Tensegrity vehicles and manipulators
The tensegrity paradigm combines purely compressive and purely tensile members (i.e., rods and tendons) into pretensionable structures that can bear externally-applied loads and moments with exceptional mass efficiency. This paradigm is amenable to elegant and insightful modeling and analysis under certain key assumptions that are sometimes difficult to realize in practice, including (i) the connection of multiple (3 or more) rods and/or tendons at perfect and effectively massless revolute or ball joints, and (ii) the effective incorporation of the actuation and sensing components (in addition, in mobile designs, to the electronics and batteries) within the rods and tendons of the structure itself. Our lab has pushed the state of the art in realizing the tensegrity ideal in compelling hardware. We have focused on two main designs:
a mobile vehicle (DuCTT) given by two nested tetrahedrons (with rods on all edges, and the rods at opposite ends of the vehicle built as linear actuators), interconnected by vertical and saddle tendons that can change the separation and relative orientation of the tetrahedra, thus forming a vehicle that can climb and maneuver like a rock climber in HVAC ducts, and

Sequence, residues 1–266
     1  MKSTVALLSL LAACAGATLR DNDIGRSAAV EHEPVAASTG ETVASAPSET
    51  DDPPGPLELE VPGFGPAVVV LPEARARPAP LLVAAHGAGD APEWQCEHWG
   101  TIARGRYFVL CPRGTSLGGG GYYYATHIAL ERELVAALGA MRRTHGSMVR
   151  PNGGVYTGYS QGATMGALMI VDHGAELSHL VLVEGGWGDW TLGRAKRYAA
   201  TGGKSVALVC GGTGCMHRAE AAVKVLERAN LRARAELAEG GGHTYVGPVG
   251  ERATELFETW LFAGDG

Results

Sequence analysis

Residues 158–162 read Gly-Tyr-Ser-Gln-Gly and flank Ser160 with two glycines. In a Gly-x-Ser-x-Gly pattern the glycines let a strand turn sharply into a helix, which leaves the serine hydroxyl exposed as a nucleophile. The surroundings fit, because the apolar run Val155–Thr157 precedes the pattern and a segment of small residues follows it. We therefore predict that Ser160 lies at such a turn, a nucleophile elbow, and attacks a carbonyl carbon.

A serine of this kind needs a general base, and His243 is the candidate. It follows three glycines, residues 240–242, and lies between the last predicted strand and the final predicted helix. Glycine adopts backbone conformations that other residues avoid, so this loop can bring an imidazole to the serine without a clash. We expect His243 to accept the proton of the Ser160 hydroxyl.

a high-degree-of-freedom cable-driven joint that can provide controllable left-right, up-down, and twisting motions in a single cable-driven joint (overcoming some key disadvantages of the current state-of-the-art of robot arms in industry, which typically attach several single DOF joints end-to-end).